Emotional Intelligence

Emotional Intelligence

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    A , Internal Medicine, answered

    Although the standard test of brain strength is an IQ test—which measures things like math, logic, and verbal skills—there's also such a thing as emotional intelligence. More and more people believe your emotional intelligence—that is, your ability to relate and interact with others—is just as important for your overall brain health.

    It's important to realize we all have unique brains that shouldn't be judged by one set of standards. Even folks who are mentally retarded as judged by IQ can have (or cause others to have) remarkable insights.

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    A , Internal Medicine, answered

    These four steps will allow you to use emotional intelligence as a problem solving tool:
    (1) Identify your Emotions: This skill allows you to identify what you're feeling and determine whether what you're feeling is something real, or something phonier than a four-dollar bill. Let's say you're jealous over someone else's success. Ask yourself if you're truly jealous, or maybe upset that you haven't achieved what you wanted to.
    (2) Facilitate your Emotions: This skill allows you to use all the multiple emotions you may be feeling and use those mood swings to think about different points of view (which can help you solve problems). In my jealousy example, you'd now be able to identify your obstacles and figure out ways around them, rather than letting jealousy get you off-track.
    (3) Understand your Emotions: This is the ability for you to understand that emotions aren't as black and white as salt and pepper, but that we all experience complex chains of emotions that transition from one to the other. We can learn to play to emotions of others, be they bosses, coworkers, or customers. Controlling your emotions and helping others use their emotions can make you feel more in control.
    (4) Manage your Emotions: This skill doesn't mean that you're able to hide your crying until you get to the restroom, but rather it lets you determine whether the emotion is typical and gives you the ability to solve problems that are emotionally based, and use your rational self to manage emotions. Next time you're feeling jealous, for example, you'll be able to harness that emotion more quickly and better manage your feelings and subsequent behaviors.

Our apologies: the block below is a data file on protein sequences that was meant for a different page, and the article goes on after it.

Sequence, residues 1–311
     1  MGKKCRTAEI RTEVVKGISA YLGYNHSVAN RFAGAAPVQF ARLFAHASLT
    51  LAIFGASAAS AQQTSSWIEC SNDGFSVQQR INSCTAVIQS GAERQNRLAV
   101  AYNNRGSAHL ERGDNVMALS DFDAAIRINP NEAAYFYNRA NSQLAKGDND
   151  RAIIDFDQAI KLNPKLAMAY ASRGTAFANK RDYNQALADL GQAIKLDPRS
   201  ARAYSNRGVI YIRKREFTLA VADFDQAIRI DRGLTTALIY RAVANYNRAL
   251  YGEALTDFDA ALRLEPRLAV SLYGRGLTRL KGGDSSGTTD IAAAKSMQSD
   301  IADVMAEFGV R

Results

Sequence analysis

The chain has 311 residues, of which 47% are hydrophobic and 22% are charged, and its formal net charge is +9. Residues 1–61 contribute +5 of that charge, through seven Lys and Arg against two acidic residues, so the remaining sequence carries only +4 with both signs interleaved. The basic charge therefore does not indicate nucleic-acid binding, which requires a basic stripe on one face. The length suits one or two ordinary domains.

Once you establish this foundation of control over your stressors, then you're better equipped to tackle the problems more specifically.

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    A , Internal Medicine, answered

    More than half of people who get jobs do it through personal connection (not necessarily friends, but acquaintances as well). Don't think you have too many connections? Wrong. The theory of six degrees of separation is really true. You're not networking to use people, but to create a network of people who can support you - some may support you emotionally as you go through tough times at work, while others may be the needed contact who will help you get a foot in the door. Ask yourself who the people are that you need to know (role models, competitors), and go out and meet them. They'll help you fulfill your dream, so why leave it to chance?

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    A , Administration, answered

    As we go through the menopause transition, we may work as individuals and in groups to change what we can, whether it is the outside circumstances that are contributing to stress in our lives or our own reactions to those circumstances. Coping skills and stress management techniques can help us manage the stress of our demanding day-to-day lives, but they alone cannot alleviate known health predictors such as poverty, homelessness, racism, and other oppressive conditions. For that, we need to work together for social change and justice.

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    A , Physical Therapy, answered
    Ever been so immersed in what you were doing that distractions and background chatter just fell away? Nothing existed except the shush of your skis on the snow, the sensation of your car sweeping around bends in the road, the images cast by the book you had your nose in, or the satisfying sense of pieces clicking into place as you worked through a challenging task. Dubbed "flow" by Mihaly Csikszentmihalyi, director of the Quality of Life Research Center at Claremont Graduate University, this state of being feels effortless, yet active. You lose awareness of time, you cease to think about yourself or feel distracted by extraneous thoughts. You may be working toward a goal—earning a graduate degree or winning a chess tournament—yet that isn't your primary motivation. Rather, you find the activity itself rewarding. Researchers have found flow hinges on a balance between the size of a challenge and the level of your skill. Watching TV, for example, isn't likely to spark a sense of flow even though you may find it relaxing.
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    A , Psychology, answered